A class of experimental cancer drugs called BET inhibitors have shown promise for treating cancers of the blood but can induce toxic side effects.
In a new study, researchers have found a new drug that in animal studies demonstrates greater potency against a wider variety of cancers, as well as against solid tumors, and also produces fewer side effects compared to others in the class.
The research was conducted by Yale scientists.
Current BET-inhibiting small molecule drugs in development—numerous trials are underway—have only been effective against blood cancers such as multiple myeloma and leukemia.
They have been ineffective for most solid tumors, such as those found in brain cancer, breast cancer, and ovarian cancer.
And these drugs have toxic side effects, including fatigue, nausea, loss of taste, and low platelet counts.
In animal studies, the Yale researchers examined the impact of the new inhibitor, called NHWD-870, on ovarian cancer, small cell lung cancer, breast cancer, lymphoma, and melanoma.
They found it was between three times and 50 times more potent against cancer cells than existing BET inhibitors.
Unlike other BET inhibitors, NHWD-870 exhibited robust activity against solid tumors, partly by preventing tumor-associated macrophages (TAMs), or large white blood cells in the immune system, from proliferating.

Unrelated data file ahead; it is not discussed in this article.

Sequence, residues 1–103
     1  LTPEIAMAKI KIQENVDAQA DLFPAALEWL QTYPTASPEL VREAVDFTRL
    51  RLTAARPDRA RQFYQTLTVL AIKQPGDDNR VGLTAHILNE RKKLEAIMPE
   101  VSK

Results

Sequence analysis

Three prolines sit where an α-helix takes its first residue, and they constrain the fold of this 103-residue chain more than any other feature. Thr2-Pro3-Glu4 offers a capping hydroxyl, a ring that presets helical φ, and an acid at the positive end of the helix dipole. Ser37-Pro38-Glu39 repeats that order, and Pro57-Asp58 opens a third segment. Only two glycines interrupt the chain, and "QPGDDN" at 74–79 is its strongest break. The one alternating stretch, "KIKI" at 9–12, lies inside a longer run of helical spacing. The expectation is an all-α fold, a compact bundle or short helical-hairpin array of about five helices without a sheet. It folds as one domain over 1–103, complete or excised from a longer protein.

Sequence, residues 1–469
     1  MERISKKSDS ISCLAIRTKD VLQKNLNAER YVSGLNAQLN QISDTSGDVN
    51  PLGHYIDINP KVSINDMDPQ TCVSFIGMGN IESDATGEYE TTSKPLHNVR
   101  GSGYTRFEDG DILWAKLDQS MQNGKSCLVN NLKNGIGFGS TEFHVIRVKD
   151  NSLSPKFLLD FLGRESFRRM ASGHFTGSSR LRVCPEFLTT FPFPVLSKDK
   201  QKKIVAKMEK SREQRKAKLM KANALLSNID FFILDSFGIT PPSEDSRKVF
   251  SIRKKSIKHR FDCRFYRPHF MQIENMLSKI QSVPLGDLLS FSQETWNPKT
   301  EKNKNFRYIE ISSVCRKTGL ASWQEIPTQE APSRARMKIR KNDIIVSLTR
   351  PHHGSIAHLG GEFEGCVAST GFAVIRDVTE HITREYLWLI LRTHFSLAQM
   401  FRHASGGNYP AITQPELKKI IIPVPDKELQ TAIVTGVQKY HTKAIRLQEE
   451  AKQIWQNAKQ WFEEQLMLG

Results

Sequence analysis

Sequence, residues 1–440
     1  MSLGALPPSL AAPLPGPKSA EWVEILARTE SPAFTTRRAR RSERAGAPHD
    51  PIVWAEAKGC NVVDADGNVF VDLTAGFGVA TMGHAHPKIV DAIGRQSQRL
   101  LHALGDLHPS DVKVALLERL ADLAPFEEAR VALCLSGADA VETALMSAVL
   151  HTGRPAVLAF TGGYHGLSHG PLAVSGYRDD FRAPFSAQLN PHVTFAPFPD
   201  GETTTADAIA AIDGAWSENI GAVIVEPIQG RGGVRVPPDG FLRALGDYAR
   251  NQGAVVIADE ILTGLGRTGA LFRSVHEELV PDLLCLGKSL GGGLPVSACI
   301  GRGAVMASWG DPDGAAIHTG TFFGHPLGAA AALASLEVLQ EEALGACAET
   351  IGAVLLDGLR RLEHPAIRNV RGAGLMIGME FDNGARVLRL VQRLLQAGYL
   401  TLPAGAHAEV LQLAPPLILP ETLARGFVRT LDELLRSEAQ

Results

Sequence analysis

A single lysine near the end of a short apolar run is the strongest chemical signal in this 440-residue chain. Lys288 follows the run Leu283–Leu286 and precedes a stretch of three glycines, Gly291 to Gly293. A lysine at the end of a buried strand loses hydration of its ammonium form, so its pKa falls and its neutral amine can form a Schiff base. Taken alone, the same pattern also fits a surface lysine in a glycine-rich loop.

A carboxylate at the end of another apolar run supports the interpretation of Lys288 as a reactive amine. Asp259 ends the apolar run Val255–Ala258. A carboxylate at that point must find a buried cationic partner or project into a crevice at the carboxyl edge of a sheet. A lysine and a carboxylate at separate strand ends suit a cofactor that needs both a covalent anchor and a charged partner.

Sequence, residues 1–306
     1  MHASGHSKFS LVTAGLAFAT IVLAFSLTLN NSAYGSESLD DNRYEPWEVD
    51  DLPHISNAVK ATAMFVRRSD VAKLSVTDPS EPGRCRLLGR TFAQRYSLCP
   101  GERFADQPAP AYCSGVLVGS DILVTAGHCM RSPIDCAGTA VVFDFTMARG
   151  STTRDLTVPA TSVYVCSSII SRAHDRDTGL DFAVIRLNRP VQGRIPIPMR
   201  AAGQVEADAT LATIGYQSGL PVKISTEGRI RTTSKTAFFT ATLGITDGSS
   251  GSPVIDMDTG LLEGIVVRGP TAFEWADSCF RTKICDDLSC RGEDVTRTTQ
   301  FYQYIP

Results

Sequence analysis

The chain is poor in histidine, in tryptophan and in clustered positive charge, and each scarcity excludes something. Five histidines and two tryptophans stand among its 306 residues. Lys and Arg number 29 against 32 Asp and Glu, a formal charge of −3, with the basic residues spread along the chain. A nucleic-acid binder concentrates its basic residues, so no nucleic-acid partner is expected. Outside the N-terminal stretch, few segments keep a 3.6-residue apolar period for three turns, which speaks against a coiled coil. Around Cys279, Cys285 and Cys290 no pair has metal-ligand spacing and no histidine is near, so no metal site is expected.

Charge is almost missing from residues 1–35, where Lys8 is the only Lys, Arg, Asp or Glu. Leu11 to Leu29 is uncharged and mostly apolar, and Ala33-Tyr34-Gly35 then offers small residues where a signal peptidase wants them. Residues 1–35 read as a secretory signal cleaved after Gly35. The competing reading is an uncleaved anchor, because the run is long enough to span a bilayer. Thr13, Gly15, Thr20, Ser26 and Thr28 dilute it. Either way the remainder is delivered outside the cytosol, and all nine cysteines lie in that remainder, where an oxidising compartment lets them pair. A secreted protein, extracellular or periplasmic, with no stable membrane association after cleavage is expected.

TAMs act as a support system for tumor cells, suppressing anti-tumor activity, and facilitating tumor regrowth after treatment.
The impact of the inhibitor on TAMs was significant, preventing the large white blood cells from spreading and restricting tumor growth.
NHWD-870 also had lower toxicity, as measured in body weight loss in animals, than other inhibitors.
The team says these findings not only uncover the importance of the target BRD4, but also reveal how it functions to regulate the tumor micro-environment.
The team is now pursuing clinical trials in humans. With colleagues at Yale and other collaborators, they will test the effectiveness of NHWD-870 on melanoma and ovarian cancer patients.
The lead author of the study is Qin Yan, an associate professor of pathology and director of the epigenetics program.
The study is published in Nature Communications.
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